There was little surprise about the manner in which the government reacted to the U.S. State Department’s report on India, and other countries, dealing with religious freedoms. The report, which was released by U.S. Secretary of State Antony Blinken, lists a number of incidents of “concern” over the “continued targeting of religious minorities”. It also documents hate speech by leaders across the country, which includes members of the ruling Bharatiya Janata Party (BJP). The report was followed by a briefing by a senior official who said that according to the U.S. Holocaust Museum, which tracks majoritarian trends, India is ranked eighth among 162 countries on the risk of “mass killing”, a serious allegation. A Ministry of External Affairs (MEA) spokesperson said the report was based on “misinformation and flawed understanding”, and that the official’s commentary was “motivated and biased”. The rejection of the report is in line with India’s past reaction, as both the U.S. Commission on International Religious Freedom (USCIRF), as well as the U.S. State Department Report that bases itself on USCIRF recommendations, have been increasingly critical of India. They have noted that senior U.S. officials have repeatedly “encouraged” New Delhi to condemn religious violence and hate speech, indicating that they have not been successful. To this, the MEA has said that it “values” its U.S. partnership and have “frank exchanges”.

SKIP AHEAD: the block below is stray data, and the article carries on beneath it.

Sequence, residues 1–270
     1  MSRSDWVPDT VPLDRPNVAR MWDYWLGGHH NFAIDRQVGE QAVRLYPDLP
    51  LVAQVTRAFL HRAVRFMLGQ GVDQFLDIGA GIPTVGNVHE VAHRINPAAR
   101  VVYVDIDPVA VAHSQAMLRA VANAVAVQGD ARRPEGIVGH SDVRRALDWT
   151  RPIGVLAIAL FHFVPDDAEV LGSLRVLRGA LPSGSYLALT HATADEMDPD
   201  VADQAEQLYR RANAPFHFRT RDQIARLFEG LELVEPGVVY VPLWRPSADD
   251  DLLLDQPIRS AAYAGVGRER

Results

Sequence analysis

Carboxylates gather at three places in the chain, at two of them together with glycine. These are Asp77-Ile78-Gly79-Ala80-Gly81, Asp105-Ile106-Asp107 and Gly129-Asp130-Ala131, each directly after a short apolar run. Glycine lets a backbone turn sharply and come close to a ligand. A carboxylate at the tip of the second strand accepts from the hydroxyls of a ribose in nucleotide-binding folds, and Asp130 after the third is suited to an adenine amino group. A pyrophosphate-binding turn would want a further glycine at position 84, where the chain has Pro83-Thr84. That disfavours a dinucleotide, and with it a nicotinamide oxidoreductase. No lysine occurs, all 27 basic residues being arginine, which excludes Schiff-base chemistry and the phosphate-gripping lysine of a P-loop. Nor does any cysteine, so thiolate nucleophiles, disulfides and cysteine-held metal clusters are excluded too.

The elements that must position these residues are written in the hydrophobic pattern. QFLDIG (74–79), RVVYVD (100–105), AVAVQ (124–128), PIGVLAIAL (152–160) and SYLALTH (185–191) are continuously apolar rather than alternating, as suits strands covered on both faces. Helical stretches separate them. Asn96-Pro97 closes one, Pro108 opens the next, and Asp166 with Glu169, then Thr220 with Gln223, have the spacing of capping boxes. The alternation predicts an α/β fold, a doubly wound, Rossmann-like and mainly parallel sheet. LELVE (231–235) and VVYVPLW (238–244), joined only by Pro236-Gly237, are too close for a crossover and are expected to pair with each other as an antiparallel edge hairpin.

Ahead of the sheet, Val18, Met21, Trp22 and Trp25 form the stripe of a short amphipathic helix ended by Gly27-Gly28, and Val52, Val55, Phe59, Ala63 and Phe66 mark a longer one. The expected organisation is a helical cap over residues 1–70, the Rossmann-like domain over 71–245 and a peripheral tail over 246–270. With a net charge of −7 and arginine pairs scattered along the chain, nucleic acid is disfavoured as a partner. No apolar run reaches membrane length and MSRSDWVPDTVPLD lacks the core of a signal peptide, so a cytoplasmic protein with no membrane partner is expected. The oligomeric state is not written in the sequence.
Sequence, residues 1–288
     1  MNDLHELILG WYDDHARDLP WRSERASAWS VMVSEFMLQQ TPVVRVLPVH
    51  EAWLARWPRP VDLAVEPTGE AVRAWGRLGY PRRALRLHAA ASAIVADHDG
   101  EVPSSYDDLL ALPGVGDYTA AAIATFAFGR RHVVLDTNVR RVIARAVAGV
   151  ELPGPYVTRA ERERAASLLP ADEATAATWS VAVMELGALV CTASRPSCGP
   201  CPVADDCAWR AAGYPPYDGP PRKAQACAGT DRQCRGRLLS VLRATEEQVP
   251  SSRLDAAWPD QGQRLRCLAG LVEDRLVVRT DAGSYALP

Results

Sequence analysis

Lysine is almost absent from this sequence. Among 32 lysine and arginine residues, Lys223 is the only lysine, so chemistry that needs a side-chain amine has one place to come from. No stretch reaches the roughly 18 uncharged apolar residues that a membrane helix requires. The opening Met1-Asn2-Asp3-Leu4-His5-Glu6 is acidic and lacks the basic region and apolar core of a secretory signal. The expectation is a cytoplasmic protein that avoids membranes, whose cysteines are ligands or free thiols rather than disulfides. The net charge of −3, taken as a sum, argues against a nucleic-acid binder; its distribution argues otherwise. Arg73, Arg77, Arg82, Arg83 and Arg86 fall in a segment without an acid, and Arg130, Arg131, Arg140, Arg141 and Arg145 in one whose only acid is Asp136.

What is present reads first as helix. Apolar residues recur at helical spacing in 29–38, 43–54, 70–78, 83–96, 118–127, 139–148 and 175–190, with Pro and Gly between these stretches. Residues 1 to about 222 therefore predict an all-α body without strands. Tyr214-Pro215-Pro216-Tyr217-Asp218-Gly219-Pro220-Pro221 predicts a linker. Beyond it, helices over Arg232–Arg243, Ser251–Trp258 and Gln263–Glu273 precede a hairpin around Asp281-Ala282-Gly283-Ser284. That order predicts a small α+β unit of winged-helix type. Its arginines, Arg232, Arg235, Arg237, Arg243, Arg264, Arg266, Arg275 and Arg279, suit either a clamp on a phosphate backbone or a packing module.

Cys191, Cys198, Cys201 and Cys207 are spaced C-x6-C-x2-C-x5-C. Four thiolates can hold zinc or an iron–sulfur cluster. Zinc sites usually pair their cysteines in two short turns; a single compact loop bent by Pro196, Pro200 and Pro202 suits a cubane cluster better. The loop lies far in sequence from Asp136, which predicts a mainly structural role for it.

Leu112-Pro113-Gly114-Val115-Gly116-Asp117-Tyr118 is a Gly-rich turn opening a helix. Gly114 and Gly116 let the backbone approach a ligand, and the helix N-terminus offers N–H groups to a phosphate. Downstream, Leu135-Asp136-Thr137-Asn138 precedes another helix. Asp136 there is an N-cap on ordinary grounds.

While the government’s reaction is stern, it is by no means as harsh as its response to a similar report last June, where the MEA had accused the U.S. government of catering to “vote bank politics”. For one, the report has come out just ahead of Prime Minister Narendra Modi’s meeting with U.S. President Joe Biden on the sidelines of the G-7 summit in Japan, as well as Mr. Modi’s state visit to the U.S., in June; it is likely that the government does not wish to queer the pitch publicly. The government may also recognise that while the State Department has been searing in its criticism, it has not placed India in the list of “Countries of Particular Concern” so far, as the USCIRF has often recommended. Given the consistent reportage on religious persecution in India by the U.S. government, however, New Delhi may wish to engage with the allegations made, and come out with its own report on the state of religious freedom in the country to counter it. As Mr. Modi wrote in a letter to a resident of Jammu and Kashmir, the world is drawn to India because of the “natural and instinctive love” Indians have for diversity. The government must find more comprehensive ways to repudiate any unfounded and incorrect challenges to India’s reputation, and remediate in the areas it is found wanting.